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Richest Ghanaians are in private sector and poorest in agriculture – World Bank study

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A World Bank study under review has shown the importance of a strengthened and functional private sector, the and the provision of roads and electricity in poverty reduction. The study found that the category of Ghanaians who are able to accumulate wealth work in the private sector while the poorest are engaged in agriculture, the sector which is also the highest employer.

The richest people, the study also found live in urban areas while the poorest people live in rural areas.

During a consultation meeting titled a Systematic Country Diagnostic Meeting with Civil Society Organisations a meeting that precedes the new World Bank Group Strategy in Ghana – called Country Partnership Framework, which is due in Fiscal year 2019, held at the Bank’s offices in Accra, one of the authors of the study Tomomi Tanaka indicated that the report found that Ghana could be part of the upper-middle income countries in 20 years from now – the upper-middle income countries have a per capita GDP of between 3,500 to 7,000, and some of these countries are Algeria, Belarus, Colombia, Dominican Republic, Ecuador, Jordan, Paraguay and Peru.

According to the study Ghana can also reduce the poverty rate further in 25 years. The study noted that Ghana has been on the forefront of reducing poverty in Africa since 1990. The country reduced the poverty rate from 52.7 per cent to 24.2 per cent in 2012.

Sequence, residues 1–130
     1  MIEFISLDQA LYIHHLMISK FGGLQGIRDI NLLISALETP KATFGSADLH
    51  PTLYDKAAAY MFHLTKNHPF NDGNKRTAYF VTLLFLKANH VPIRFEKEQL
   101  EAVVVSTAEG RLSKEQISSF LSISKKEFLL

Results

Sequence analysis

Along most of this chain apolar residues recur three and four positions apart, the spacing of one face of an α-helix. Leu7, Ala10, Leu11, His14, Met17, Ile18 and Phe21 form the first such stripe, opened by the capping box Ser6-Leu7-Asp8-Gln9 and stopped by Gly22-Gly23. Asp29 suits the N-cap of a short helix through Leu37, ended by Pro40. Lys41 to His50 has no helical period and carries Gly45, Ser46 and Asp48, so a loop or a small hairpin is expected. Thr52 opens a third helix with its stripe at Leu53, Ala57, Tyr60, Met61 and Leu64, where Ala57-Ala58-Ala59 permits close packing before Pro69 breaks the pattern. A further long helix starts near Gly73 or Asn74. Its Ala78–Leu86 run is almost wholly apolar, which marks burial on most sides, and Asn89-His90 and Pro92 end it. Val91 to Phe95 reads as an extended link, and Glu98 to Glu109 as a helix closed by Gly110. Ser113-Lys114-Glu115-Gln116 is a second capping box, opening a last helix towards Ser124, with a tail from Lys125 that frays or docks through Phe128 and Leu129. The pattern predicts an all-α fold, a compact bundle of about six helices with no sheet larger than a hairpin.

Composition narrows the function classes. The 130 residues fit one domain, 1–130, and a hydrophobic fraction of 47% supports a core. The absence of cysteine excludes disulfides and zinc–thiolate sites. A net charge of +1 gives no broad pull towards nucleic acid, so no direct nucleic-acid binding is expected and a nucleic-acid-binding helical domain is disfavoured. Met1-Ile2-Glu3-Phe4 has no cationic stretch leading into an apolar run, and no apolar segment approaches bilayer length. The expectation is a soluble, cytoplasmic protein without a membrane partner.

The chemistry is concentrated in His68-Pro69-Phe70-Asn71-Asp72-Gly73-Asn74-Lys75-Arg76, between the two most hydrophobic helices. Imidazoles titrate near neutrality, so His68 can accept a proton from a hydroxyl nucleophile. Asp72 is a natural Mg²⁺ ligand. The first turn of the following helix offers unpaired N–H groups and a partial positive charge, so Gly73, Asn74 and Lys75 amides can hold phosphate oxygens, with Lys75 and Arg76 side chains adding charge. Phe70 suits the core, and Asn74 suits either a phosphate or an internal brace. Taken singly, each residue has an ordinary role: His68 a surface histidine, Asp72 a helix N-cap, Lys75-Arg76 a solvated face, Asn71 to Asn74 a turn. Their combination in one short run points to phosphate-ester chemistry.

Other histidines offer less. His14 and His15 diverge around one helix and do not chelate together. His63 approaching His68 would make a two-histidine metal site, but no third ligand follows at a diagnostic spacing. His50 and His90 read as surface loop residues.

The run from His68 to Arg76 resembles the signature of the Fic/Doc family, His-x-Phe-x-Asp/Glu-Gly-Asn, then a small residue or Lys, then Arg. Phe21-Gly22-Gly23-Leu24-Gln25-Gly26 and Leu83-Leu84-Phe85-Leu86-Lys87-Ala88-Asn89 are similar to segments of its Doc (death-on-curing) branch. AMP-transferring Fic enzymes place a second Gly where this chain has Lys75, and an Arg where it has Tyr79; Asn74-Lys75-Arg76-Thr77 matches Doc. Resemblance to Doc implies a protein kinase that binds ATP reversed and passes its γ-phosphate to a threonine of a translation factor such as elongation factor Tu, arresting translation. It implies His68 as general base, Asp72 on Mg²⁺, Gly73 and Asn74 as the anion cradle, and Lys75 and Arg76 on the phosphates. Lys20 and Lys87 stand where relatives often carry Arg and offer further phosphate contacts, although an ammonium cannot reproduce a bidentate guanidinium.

Tanaka said Ghana’s poverty rate however, is lower than that of lower-middle income countries – and it is an achievement, compared with other sub-Saharan African countries.

But while the study found that poverty has reduced in Ghana, there are some sharp disparities between achievements that were made in some regions.

For instance, it found that poverty reduced in the Upper East Region from 88.4 per cent to 40 per cent but in the Upper West Region poverty worsened.

It further found that regions that have achieved poverty reduction also increased the percentage of people in employment, and the reduction in poverty was also linked to the availability of roads and electricity, among other things.

The study found that while over 91 per cent of households in Accra have electricity, only 7 per cent of households in the Upper West Region have access to electricity

According to the study, there was an increase in agriculture labour in areas affected by climate change – for instance communities suffering from poor soil quality as a result of erosion and Tanaka indicated that, what that means is that the people in these regions do not have other opportunities and suggested that there is a need to look into the possibilities of creating other opportunities for these people.

Among others, the study found that Ghana is lagging behind its peers in tertiary education completion, and child mortality rates attributable to among others unsafe drinking water.

The Bank indicated that contributions from participants will be incorporated in the final report.

By Emmanuel K. Dogbevi
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